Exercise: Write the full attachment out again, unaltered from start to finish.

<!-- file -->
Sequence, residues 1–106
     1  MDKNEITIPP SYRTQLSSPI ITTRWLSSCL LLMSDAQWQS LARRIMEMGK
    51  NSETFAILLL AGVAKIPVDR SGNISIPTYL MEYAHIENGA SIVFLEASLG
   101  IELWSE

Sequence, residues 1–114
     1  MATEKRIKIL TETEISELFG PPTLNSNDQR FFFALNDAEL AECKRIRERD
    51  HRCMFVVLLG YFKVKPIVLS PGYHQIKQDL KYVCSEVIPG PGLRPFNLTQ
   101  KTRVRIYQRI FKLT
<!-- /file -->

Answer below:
Sequence, residues 1–106
     1  MDKNEITIPP SYRTQLSSPI ITTRWLSSCL LLMSDAQWQS LARRIMEMGK
    51  NSETFAILLL AGVAKIPVDR SGNISIPTYL MEYAHIENGA SIVFLEASLG
   101  IELWSE

Sequence, residues 1–114
     1  MATEKRIKIL TETEISELFG PPTLNSNDQR FFFALNDAEL AECKRIRERD
    51  HRCMFVVLLG YFKVKPIVLS PGYHQIKQDL KYVCSEVIPG PGLRPFNLTQ
   101  KTRVRIYQRI FKLT